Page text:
I used leftover stain but had to buy OutDoor Poly for this because I didn't want it to be painted. However, Paint is Best in this if you are using it outside. Mine will mostly be in the Garage and occasionally strolled out into the yard. So I chose Stain and Helmsman® Spar Urethane for a protectant. I think i used an entire quart applying 3 or 4 coats. I wanted to use it all i may have applied 5 I forget.
* Remember those 2 end pieces of 2x4 don't forget those. I didn't glue them I just used pocket screws to secure it to the frame. Its there to only keep it in place. figured didn't need glue for that and it held up great.
Once Done and Dry move to the next step
If you want a chalkboard exterior to the Fridge to apply now while it is out of the frame.
Step 9: Assemble Your New Bar Cooler (well...Most of It)
Insert Cooler into the Frame make sure it fits
Secure your Cooler with the 2 pieces of 2x4 on the table end
Install your Top Door and attach hinges and a Hardware Handle.
Look at it isn't it nice your almost done.
Step 10: Make a Side Table.
I am gonna be honest with you. I went expensive on this. I bought Epoxy because I wanted to use the interesting bottle caps from craft brew and soda I have drunk over the years and been able to keep. You can get away with a piece of plywood nailed to the frame.
However, with this, I made a picture frame of oak trim on a 3x4 plywood piece and then nailed it to the frame. I couldn't glue since I already applied finish to the Frame.
I then glued most of the caps down because if you don't they will float and you will have to push them down and the epoxy may not set correctly on those bottle caps.
I skipped the seal coat. Don't skip this. I did and I regretted it. Some of it leaked out because my miters are not great.
follow your pour epoxy directions and there are a thousand tutorials that would be better than mine.
Step 11: Make It Drain !
So I was lucky that this already had a perfect size hole for a pex tube to be inserted and glued on the bottom because this was used for the CO2 line when this was in working order. You may have to do some adjustments because yours will not be the same. Here are some photos of how this was done.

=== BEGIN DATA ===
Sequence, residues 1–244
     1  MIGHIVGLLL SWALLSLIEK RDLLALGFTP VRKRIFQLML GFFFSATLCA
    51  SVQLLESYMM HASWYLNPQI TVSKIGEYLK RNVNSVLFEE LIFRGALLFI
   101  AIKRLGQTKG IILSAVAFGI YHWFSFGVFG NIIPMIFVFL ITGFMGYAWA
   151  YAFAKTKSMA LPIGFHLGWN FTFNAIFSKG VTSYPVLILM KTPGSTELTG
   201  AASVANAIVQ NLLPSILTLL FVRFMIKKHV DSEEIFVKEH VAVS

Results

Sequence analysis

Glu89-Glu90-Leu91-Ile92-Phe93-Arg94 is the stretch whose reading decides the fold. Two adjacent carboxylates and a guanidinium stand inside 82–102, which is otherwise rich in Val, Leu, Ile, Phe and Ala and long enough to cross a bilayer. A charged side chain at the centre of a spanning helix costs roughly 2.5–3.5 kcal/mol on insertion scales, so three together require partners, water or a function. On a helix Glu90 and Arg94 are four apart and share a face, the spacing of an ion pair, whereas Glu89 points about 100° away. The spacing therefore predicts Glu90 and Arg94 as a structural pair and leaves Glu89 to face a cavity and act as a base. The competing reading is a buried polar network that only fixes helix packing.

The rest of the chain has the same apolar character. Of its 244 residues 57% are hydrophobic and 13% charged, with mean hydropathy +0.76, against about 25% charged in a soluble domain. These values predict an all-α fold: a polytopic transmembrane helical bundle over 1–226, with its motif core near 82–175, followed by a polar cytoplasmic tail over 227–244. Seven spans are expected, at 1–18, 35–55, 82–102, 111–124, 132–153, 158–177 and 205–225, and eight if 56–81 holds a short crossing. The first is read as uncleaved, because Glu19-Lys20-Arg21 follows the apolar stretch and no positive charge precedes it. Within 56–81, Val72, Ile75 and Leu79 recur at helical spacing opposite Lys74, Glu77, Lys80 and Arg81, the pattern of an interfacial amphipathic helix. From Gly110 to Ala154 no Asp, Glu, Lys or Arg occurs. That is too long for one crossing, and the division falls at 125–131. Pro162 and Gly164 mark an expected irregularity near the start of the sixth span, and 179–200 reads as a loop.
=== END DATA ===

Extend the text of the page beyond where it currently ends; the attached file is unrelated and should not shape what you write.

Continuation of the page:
I initially started with just a simple pex with a on off switch but then i realized i can make it drain on end using a right elbow connector. its basic and not too appealing but it does the job since it has about a 2 degree slope down the tube.
Step 12: Add Your Accouterments
I bought a junk box on an auction site because I noticed it had a brass Lid holder, this box contained an Eagle thing and thought it was kinda cool so I screwed it to one end to dress up the 2x2 wood end.
I had an extra USB powered LED lights that had a remote. They are for TV's but the one on my GF's tv fell off and the sticky stuff was worn out. I hot glued underneath the LED lights and snaked the USB into the storage compartment where the Compressor used to be.
I bought an Umbrella for I think for 15 dollars maybe 18 dollars on a local auction site as well and used some Pipe holds to attach to the Eagle End. I kinda messed this up I am sure you will learn from my mistake. I plan on making a PVC holder instead of this galvanized stuff this spring so that looks better and an ground support that adjusts so I can adjust the height if necessary.
Step 13: Enjoy a Cold One With Friends Hopefully in the Near Future.
Some Photos the Final is with the bottom shelf and missing the umbrella because it is still snowy and just a mess outside I live in Minnesota.